Tag Archives: cilantro

Thai Cuisine

Thailand is the only country in Southeast Asia that has not been colonized by Europeans. Thus, its cuisine is authentic and has only been slightly influenced by bordering countries or traders.

Thai cuisine is very spicy and focuses on dishes which are well balanced in four areas – sweet (usually palm sugar or coconut milk), salty (fish sauce and salt), sour (lime in several forms and tamarind) and spicy (chilies). Meals served in restaurants are accompanied by a quartet of sauces brought to the table – fish sauce, sliced chili peppers in rice vinegar, dried chili flakes, and palm sugar. Rice is served at most meals, (usually jasmine rice, but also sticky or glutinous rice) and sometimes noodles. Cucumbers are often served to cool the palate. I was told recently that additional ways to counter the spiciness is to add more rice, add sugar, or drink more beer!

Thai food was traditionally eaten by the right hand while seated on cushions on the floor, but today most Thais eat with a fork and large spoon. The fork is held in the left hand and is used to scoop or push into the spoon which is held in the right hand. Chopsticks are reserved only for noodle dishes.

The Thai pantry can be stocked from items available in the international aisle at a grocery store or a local Asian market. Lo’s Seafood in Portsmouth, NH carries Thai canned goods (coconut milk, fish sauce, tamarind paste), kaffir lime leaves, lemongrass, galangal, fresh chilies (bird’s eye chilies or very tiny chilies are hotter than larger chilies), Thai basil and cilantro. Green, yellow and red curry pastes (hottest to mildest, respectively) can be made from scratch or purchased already prepared.

The following recipe for Chicken Coconut Milk Soup is one which we prepared at the Thai Farm Cooking School while I was in Thailand recently.

Tom Kaa Gai (Chicken Coconut Milk Soup)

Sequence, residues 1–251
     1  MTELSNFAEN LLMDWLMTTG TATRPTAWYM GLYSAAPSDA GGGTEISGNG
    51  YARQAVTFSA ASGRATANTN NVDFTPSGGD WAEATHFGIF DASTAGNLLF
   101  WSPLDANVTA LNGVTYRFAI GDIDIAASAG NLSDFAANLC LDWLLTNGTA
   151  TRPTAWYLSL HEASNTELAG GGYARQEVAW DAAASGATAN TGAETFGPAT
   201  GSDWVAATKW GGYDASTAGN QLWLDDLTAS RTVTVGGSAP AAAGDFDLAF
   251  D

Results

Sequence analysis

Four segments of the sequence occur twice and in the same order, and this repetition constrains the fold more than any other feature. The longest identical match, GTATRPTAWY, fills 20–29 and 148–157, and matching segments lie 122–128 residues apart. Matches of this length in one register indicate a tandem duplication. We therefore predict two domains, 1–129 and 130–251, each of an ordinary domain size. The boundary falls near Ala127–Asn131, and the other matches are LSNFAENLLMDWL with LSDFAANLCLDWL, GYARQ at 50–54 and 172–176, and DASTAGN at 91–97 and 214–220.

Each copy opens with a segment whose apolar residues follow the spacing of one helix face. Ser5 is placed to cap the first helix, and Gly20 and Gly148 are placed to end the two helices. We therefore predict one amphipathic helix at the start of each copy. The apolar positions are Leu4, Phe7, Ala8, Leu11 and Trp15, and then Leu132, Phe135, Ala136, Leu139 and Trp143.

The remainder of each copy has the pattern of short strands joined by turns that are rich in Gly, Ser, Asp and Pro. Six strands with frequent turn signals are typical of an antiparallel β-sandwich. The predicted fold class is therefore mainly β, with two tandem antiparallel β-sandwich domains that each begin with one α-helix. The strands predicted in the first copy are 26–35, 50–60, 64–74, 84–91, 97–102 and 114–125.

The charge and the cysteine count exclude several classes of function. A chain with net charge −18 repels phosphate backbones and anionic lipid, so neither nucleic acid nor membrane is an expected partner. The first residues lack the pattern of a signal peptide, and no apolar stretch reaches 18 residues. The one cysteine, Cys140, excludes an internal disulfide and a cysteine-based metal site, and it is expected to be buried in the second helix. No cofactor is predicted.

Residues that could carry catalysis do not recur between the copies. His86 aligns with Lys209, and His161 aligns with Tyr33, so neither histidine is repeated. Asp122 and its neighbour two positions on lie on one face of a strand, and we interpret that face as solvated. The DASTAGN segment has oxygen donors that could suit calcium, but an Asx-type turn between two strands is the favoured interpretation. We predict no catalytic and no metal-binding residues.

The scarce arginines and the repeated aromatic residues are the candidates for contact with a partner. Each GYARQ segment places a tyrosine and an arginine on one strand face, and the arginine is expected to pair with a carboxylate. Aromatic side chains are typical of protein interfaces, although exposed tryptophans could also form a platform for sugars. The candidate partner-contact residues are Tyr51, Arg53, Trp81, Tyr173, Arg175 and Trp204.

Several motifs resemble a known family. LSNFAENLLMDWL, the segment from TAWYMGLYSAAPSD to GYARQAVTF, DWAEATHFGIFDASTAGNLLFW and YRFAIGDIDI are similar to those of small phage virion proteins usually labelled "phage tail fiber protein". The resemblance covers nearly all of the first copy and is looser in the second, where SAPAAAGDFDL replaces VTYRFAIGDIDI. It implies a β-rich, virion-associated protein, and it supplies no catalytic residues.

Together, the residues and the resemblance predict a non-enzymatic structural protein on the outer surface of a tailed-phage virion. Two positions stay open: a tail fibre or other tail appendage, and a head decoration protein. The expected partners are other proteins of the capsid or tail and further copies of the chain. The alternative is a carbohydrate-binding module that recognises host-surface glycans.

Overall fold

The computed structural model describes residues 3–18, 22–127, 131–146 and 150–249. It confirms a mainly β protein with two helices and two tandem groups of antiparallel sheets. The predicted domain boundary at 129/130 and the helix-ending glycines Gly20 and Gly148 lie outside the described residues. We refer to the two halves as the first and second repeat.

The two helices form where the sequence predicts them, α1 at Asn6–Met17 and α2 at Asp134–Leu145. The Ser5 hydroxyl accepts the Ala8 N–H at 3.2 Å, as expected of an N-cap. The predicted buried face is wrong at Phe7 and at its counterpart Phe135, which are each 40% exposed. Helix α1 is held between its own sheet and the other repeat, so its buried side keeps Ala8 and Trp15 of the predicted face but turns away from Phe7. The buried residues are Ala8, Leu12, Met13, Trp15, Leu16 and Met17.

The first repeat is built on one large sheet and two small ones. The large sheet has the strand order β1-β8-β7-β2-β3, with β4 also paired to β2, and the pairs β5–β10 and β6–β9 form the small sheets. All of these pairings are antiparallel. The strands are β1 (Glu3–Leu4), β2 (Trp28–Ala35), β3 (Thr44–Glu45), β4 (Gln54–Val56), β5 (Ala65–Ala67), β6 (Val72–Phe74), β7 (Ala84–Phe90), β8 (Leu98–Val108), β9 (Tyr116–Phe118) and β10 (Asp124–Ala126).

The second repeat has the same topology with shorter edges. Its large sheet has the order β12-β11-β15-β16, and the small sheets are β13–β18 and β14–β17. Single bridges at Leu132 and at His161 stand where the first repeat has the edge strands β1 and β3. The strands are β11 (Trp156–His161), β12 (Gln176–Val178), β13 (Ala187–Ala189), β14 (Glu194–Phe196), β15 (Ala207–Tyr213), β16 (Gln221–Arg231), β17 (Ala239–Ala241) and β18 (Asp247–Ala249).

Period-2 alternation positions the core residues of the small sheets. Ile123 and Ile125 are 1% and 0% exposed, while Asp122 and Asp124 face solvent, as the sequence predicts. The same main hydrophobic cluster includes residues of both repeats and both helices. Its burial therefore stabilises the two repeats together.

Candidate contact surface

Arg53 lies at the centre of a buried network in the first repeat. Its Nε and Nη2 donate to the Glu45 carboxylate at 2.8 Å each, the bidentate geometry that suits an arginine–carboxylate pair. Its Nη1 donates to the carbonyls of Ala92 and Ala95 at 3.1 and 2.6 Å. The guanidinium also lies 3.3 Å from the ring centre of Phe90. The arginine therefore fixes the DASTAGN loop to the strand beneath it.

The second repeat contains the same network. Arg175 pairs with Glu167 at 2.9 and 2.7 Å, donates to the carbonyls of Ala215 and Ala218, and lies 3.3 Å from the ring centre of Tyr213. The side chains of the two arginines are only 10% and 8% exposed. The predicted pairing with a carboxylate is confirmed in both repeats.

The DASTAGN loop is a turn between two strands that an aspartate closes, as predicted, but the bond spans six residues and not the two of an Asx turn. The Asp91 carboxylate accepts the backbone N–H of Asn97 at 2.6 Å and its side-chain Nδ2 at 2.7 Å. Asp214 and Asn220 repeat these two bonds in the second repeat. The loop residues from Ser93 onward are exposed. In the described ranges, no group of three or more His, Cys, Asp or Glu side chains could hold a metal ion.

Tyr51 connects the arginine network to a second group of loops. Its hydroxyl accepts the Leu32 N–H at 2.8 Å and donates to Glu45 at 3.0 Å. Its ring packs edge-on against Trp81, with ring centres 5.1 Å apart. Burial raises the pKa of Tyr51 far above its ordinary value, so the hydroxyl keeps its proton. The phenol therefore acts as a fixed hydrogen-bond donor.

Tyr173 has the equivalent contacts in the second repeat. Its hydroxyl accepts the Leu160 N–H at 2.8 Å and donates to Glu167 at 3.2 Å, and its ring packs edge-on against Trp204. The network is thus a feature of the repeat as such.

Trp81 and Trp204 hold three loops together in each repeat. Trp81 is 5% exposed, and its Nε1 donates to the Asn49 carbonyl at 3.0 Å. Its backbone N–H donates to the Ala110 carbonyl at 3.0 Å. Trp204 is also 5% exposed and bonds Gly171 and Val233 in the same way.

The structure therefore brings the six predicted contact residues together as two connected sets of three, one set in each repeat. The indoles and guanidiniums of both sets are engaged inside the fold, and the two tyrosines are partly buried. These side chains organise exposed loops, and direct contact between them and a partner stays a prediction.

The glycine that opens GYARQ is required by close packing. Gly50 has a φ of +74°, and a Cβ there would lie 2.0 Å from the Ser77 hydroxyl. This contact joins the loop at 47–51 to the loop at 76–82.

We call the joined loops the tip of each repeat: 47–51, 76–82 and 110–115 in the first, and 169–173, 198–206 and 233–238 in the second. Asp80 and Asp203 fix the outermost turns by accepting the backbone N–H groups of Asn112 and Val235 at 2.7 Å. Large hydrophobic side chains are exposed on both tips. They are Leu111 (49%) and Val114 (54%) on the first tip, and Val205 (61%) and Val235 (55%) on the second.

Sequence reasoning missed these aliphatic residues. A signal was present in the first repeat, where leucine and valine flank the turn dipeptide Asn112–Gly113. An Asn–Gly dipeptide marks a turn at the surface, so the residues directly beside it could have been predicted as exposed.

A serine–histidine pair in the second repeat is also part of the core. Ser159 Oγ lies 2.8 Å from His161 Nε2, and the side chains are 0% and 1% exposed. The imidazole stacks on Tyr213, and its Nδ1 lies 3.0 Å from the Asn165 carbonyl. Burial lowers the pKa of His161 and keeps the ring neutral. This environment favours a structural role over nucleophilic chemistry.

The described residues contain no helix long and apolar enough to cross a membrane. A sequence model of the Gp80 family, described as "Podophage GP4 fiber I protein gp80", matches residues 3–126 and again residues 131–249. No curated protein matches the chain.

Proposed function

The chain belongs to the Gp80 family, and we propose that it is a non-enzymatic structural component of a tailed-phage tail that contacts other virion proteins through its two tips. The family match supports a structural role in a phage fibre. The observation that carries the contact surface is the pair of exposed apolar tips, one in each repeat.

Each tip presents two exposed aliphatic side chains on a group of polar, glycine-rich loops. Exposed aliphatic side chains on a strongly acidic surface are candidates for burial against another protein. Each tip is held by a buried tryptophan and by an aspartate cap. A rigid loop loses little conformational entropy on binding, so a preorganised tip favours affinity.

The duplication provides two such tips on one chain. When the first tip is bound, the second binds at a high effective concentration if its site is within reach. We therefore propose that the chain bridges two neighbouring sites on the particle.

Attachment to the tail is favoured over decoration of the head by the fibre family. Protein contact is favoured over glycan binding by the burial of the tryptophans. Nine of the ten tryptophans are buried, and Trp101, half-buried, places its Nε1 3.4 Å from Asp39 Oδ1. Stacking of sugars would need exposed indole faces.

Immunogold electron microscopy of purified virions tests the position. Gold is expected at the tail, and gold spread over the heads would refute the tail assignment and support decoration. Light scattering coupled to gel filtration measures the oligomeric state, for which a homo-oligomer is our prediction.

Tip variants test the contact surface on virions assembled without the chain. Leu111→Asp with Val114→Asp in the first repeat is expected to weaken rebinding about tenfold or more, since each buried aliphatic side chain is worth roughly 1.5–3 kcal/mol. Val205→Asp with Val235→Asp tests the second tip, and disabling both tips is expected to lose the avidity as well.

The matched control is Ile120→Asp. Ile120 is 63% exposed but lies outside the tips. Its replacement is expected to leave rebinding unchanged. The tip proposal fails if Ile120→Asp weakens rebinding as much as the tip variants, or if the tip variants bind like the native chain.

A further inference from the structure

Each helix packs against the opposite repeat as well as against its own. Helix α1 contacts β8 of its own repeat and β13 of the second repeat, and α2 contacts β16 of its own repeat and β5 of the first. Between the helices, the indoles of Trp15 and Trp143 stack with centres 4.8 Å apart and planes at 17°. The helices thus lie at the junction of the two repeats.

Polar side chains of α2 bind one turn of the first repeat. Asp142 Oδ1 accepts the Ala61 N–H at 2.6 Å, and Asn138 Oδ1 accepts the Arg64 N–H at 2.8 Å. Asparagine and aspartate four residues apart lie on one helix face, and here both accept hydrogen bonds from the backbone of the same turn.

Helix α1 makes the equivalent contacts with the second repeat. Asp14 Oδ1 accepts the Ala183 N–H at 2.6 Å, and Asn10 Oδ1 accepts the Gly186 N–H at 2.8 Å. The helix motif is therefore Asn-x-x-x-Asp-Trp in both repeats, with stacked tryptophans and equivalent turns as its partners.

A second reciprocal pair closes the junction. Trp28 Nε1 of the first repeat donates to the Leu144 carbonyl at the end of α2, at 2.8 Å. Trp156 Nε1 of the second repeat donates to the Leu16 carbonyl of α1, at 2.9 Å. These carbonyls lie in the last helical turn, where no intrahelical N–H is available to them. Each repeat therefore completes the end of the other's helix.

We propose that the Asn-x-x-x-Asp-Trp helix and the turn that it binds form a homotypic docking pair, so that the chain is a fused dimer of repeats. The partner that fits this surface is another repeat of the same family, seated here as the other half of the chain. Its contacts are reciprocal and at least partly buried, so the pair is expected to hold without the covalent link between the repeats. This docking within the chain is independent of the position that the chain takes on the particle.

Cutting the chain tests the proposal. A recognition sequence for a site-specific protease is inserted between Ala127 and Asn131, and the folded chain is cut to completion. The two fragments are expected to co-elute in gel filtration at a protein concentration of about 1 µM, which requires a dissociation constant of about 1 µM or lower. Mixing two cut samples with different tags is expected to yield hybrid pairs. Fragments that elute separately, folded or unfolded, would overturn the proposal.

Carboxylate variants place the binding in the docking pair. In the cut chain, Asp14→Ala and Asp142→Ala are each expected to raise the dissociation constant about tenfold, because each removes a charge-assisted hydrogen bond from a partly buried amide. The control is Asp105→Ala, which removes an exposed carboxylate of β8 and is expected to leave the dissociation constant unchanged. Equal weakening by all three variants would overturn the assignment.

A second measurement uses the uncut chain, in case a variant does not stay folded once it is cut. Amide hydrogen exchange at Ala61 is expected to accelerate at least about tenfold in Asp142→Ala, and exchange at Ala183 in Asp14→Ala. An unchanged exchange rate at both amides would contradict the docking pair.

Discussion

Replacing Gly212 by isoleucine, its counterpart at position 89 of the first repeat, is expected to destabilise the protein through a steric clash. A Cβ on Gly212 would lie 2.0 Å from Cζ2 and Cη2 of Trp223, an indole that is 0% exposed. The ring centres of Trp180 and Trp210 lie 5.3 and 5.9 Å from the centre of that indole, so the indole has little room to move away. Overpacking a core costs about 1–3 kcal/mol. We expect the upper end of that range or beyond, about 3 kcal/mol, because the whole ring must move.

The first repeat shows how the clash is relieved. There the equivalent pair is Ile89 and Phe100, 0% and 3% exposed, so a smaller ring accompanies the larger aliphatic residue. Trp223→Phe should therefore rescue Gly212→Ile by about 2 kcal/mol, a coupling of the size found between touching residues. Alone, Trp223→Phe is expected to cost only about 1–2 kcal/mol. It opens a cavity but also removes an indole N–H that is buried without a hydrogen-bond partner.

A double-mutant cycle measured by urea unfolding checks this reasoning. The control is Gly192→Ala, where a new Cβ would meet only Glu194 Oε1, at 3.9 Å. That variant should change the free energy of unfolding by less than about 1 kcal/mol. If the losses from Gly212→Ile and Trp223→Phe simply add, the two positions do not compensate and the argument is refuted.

Ingredients:

½ c. water

¼ cup of peeled, thinly sliced galangal or ginger

1 stalk of lemongrass, sliced into one-inch pieces

½ cup halved grape tomatoes

½ cup sliced mushrooms

1-5 bird eye’s chili peppers

1 chicken breast, sliced thinly and cut into bite-sized pieces

1 can coconut milk

2-3 kaffir lime leaves

1 stem of cilantro, finely diced

3 sliced scallions

1 T. fish sauce or soy sauce

½ teaspoon light brown sugar

Pinch of salt

2 teaspoons of lime juice

Directions:

Combine water, galangal, lemongrass, tomatoes and mushrooms in a saucepan over medium high heat and bring to boil. Remove stems from chili peppers and crush open by banging down with your palm on the flat side of a heavy knife. Add chili peppers, coconut milk and chicken pieces to broth. Reduce heat to medium and cook until chicken is milky white all the way through. Fold kaffir lime leaves in half along spine and remove spine of each leaf to release flavor. Add to soup with cilantro, scallions, fish sauce, sugar and salt to taste. Continue to cook over medium heat for 5 more minutes to intensify flavor. Finally add lime juice (soup will be too bitter if lime juice is added too early.) Lemongrass pieces, kaffir lime leaves, chilies and  galangal or ginger root should be removed prior to serving as they are all too tough to chew. Serves 2.

 

 

 

 

 

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Shrimp Tacos

shrimp tacos

Ingredients:

¼ c. olive oil

1 clove garlic, minced

2 T. red onion, diced

1 jalapeno pepper, seeded and diced

1 lb. shrimp, peeled and deveined

¼ c. cilantro, diced

1 ripe mango, peeled, seeded and cut in small cubes

¼ head of cabbage, shredded

8 flour tortillas

Directions:

Wrap tortillas in aluminum foil and place in oven preheated to 300 degrees F. In a large skillet, add oil and heat until it just begins to simmer (do not overheat!) Sauté garlic until tender and translucent, about 1-2 minutes. Add shrimp and toss with wooden spoon until opaque. Remove from heat and toss with cilantro, onions and jalapeno peppers.. To assemble, place cabbage on each tortilla, top with a large tablespoon of shrimp, add mango cubes and serve. Optional garnishes: guacamole, sour cream or plain, non-fat Greek yogurt, Sriracha.  Serves 4.

Week 46: Cilantro and Coriander

coriander plant

Coriander is considered both an herb and a spice since both its leaves and its seeds are used as a seasoning condiment. The Coriander plant is grown as annual which requires well-draining, fertile soil supplemented with warm summer climates to flourish. For leaf coriander, the plant is allowed to reach only about 9 to 15 inches in height. If left to grow further, it may reach about 5-7 feet tall, bears small white or light pink flowers by midsummer, followed by round-oval, numerous, aromatic coriander seeds. Flowering coriander is often planted in a flower or vegetable garden as it repels aphids.